However, AI innovation also comes with risks, particularly around health, safety, and fundamental rights. That is why the European institutions are taking a pioneering approach to AI regulation, with the development of the AI Act to regulate high-risk AI systems. European standards will play a crucial role in the implementation of the regulation, providing technical specifications to operationalize the requirements of the AI Act. By doing so, these standards will help make AI systems in Europe safe and trustworthy, protecting people and encouraging responsible innovation.

5. 2023 is the European year of skills. In your experience, what are the most important skills for a successful standardization professional?

As a standardization professional, one must possess a unique combination of knowledge, skills, and personal qualities to be successful. A strong knowledge base is crucial, as one must be well-versed in the field they are working in to ensure that the standards they develop or apply are up-to-date and meet the needs of stakeholders.


Secondly, one must have a comprehensive set of skills that can be applied throughout the entire life cycle of a standard, from development to implementation and revision. A standardization professional must be able to identify emerging areas that require standardization, develop new standards in accordance with internal procedures, and understand when existing standards require revision.


Moreover, being a standardization professional demands a particular set of personal qualities. The environment in which standards are developed is collaborative and requires individuals who are precise, respectful, patient, and responsible. Collaboration is essential, as standardization is a process that involves the input and feedback of many experts from various backgrounds. To be effective, standardization professionals must be able to work well with others and be committed to the overall success of the standardization process.


Achieving this blend of knowledge, skills, and personal qualities is not easy, but it is possible with commitment and determination. National and international standards development organizations offer a wealth of learning materials that can help individuals become more familiar with the world of standardization. However, the ultimate determining factor is gaining hands-on experience. Attending meetings, exchanging information and knowledge, and writing draft documents to discuss with others expert are all essential in developing the skills needed to be a standardization professional.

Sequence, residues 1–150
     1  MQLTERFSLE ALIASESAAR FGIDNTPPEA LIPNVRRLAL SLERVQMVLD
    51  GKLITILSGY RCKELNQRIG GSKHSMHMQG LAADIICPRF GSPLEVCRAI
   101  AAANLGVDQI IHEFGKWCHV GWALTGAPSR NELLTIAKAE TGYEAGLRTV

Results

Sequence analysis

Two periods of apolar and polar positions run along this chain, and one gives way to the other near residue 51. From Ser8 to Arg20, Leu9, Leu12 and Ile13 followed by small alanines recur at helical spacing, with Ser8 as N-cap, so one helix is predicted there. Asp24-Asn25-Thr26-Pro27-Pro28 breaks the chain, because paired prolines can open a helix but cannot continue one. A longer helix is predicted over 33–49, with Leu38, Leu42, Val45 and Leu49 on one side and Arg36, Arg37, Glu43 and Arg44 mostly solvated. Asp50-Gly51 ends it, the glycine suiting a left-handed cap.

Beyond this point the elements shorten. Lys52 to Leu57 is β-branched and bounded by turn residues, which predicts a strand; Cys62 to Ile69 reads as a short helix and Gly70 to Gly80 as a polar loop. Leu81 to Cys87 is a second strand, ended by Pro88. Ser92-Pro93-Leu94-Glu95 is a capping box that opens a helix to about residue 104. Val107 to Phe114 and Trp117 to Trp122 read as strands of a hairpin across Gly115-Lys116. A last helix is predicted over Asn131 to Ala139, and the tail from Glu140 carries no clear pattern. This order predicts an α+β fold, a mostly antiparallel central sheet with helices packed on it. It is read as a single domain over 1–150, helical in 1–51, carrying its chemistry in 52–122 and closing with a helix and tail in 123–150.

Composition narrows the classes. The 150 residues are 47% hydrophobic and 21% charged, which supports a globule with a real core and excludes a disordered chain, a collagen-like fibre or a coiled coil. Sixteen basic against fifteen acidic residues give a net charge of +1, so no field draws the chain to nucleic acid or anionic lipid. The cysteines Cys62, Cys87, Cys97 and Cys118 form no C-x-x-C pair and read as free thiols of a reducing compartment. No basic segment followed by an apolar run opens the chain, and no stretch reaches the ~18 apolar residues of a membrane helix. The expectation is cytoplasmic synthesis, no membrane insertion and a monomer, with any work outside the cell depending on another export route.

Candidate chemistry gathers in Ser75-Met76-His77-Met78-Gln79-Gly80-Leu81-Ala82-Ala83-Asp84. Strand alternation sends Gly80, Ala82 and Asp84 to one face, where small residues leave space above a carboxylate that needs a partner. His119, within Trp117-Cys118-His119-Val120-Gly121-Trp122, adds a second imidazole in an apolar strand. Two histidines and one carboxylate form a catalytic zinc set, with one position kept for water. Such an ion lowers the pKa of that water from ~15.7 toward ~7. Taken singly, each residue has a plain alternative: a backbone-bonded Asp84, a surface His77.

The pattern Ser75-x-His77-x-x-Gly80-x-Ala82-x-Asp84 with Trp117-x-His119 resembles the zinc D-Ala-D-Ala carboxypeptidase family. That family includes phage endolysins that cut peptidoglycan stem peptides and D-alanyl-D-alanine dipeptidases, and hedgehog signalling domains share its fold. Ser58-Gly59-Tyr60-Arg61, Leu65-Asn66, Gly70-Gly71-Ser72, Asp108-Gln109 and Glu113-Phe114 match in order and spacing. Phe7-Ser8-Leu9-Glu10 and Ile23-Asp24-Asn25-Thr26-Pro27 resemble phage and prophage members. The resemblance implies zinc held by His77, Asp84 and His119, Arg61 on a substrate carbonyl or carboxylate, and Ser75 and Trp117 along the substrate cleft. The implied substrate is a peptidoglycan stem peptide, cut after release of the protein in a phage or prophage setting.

6. Does Europe (and European standardization) have all it takes to meet the challenges of the AI revolution?

The AI revolution is a transformative force that brings both opportunities and challenges. It is not an easy task to govern such a complex and uncertain process, but Europe is taking a balanced approach. The EU's risk-based approach strikes a balance between the need for innovation and the need to protect the safety and fundamental rights of people. While the US and China are leading the way in AI innovation, Europe is developing its own approach to embracing AI opportunities while keeping it human-centric, ethical, secure and aligned with our values. Rather than focusing on winning a race, Europe can define the racetrack on which this race should be run. The EU has strong legal frameworks that can help achieve this goal, and the standardization community is working closely with policymakers to ensure that European standards for AI are aligned with our shared values.

7. What can CEN and CENELEC do to improve the participation of young and, more generally, new people in standardization?  

ESOs have an important role to play in promoting greater inclusivity and accessibility in standardization, particularly regarding the participation of young and new people. There is an ongoing discussion in CEN/CENELEC JTC 21 on how to facilitate the participation of as many stakeholders as possible, from SMEs, civil society, academia. Inclusiveness and accessibility are also key themes in the European Commission's Standardization Strategy, which recognizes the importance of involving diverse stakeholders in the standardization process to ensure that it is truly representative of society as a whole, and that the resulting standards are effective, relevant, and useful to all.


I believe that fostering the participation of demographically diverse experts, in terms of gender, age, geographical origin, and various disciplinary backgrounds, is key to address challenges that are not only technical, but also social and cultural. To achieve this goal, we need to improve the governance within the European standardization system, but this is not sufficient. We also need to raise awareness and actively engage with underrepresented groups to encourage their participation, for example through targeted outreach, mentoring programs, and other initiatives to promote greater diversity and inclusion in standardization.



Giovanni COLLOT